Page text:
Joe Biden’s poll numbers are hurting, and I have taken issue with some of the more progressive goals of this Administration, but to say his first two years in office have been a failure would be wrong.
In fact, enforcing this nation’s antitrust laws has been a bright spot. Most notably, the Federal Trade Commission (FTC) under President Biden’s watch successfully blocked the acquisition of Lockheed Martin’s rocket engine manufacturer Aerojet Rocketdyne, protecting both economic and national security interests of this country. Another success was the Department of Justice suing to block the merger of the nation’s largest book publishers.
One issue that hasn’t gotten much attention in the press, but is crying out for enforcement by the courts, the Congress and the Biden Administration was the T-Mobile-Sprint merger and its detrimental impacts on countless American small businesses and jobs following the merger approval.
In April 2020, telecom giant T-Mobile received final approval from the Trump administration and finalized its acquisition of Sprint for $26.5 billion, after almost two years of clearing regulatory and legal hurdles. This merger was contentious from the get-go. T-Mobile first announced its plans to acquire Sprint in April 2018, which drew widespread criticism from industry stakeholders, citing the potential loss of jobs, decreased competition, and even national security and critical infrastructural concerns.
Regulators and lawmakers also voiced their concerns. In June 2019, a coalition of 14 state attorneys general from California, Washington DC, New York, and more filed a lawsuit to block the merger deal. Members of Congress across the aisle also opposed the deal, as it posed threats of “higher phone bills, less choice, fewer jobs, and worse wages for hardworking Americans.”
Unsurprisingly, such concerns about the merger’s effect on everyday Americans have become reality soon after its completion. Specifically, dealers who conducted business with Sprint were arguably hit the hardest by T-Mobile’s acquisition of the telecom provider. The sheer boldness of the duplicity by the leadership of T-Mobile and Sprint is why my organization recently sent a letter to the Senate Judiciary Committee, urging those lawmakers to investigate this case.
In fact, there are now more than 12 lawsuits filed against T-Mobile by legacy Sprint dealers who saw their businesses shuttered by the “New T-Mobile,” resulting in more than 380 store closures and approximately 2,500 jobs lost across more than 27 states. As of now, the current estimates of financial damage done to these businesses according to the litigation amount to well over $500 million.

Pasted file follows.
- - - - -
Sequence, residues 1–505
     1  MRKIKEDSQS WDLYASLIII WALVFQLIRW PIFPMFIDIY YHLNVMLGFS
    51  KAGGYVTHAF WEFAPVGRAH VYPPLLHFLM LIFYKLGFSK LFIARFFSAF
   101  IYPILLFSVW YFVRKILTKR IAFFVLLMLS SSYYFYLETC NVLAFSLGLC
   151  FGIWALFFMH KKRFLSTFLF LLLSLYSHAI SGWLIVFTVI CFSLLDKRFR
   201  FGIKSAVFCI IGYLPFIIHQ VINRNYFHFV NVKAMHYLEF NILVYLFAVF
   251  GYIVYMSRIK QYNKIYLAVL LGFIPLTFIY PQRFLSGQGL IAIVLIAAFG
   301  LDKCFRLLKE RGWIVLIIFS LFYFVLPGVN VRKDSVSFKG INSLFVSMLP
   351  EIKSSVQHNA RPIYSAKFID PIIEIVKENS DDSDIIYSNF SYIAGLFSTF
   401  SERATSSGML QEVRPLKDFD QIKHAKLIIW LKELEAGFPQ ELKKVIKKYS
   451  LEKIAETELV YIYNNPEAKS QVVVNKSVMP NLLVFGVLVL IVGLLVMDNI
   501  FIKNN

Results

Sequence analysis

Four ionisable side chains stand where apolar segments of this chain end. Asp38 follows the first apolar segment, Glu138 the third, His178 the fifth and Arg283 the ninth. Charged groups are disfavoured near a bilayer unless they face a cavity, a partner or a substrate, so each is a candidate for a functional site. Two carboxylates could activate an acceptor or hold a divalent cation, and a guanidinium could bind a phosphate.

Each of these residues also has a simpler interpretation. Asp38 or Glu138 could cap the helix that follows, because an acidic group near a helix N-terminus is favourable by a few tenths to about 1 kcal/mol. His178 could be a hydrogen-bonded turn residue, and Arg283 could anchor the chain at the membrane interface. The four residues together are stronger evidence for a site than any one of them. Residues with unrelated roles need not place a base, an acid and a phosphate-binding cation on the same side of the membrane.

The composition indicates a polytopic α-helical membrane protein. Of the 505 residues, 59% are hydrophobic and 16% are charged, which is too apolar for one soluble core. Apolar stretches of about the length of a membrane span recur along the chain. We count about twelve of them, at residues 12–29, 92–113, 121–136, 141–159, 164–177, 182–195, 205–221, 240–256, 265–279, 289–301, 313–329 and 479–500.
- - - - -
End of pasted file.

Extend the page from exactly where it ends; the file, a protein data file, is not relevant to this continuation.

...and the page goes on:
How T-Mobile pressured these dealers into shutting down their stores is particularly egregious. For example, a recent lawsuit filed by a legacy Sprint dealership in California named Wireless World, LLC noted that Sprint and T-Mobile told lies by saying Sprint would stay as a “stand-alone company,” but pushed through with the merger anyway. When the merger was actually announced, Sprint executives told Wireless World that “the new T-Mobile would only close 10% to 15% of its stores.”
T-Mobile also made false promises to Congress to force through this lucrative merger, fully aware that it would resort to anti-competitive practices once the deal was completed. During his testimony before the House Subcommittee on Communications and Technology in February 2019, former Sprint CEO Marcelo Claure told legislators, “This new company will create new jobs – blue collar, white collar jobs – in urban, suburban, and rural America.” His counterpart and former T-Mobile CEO John Legere also told Congress, “Our merger will be jobs positive from day one – and going forward.”
In addition to the pending court proceedings, the Biden administration and the Congress should revisit this merger to see if there are ways to help soften the blow to the thousands of people cheated or put out of work because of T-Mobile’s duplicitous. More importantly, the attention of regulators and lawmakers on this issue will help chill future actions by greedy corporations, their bankers and their lawyers, who lie to push these anticompetitive mergers to completion.
Naughton, who served for nearly three decades in the Massachusetts House of Representatives, is the Executive Director of the Centrist Democrats of America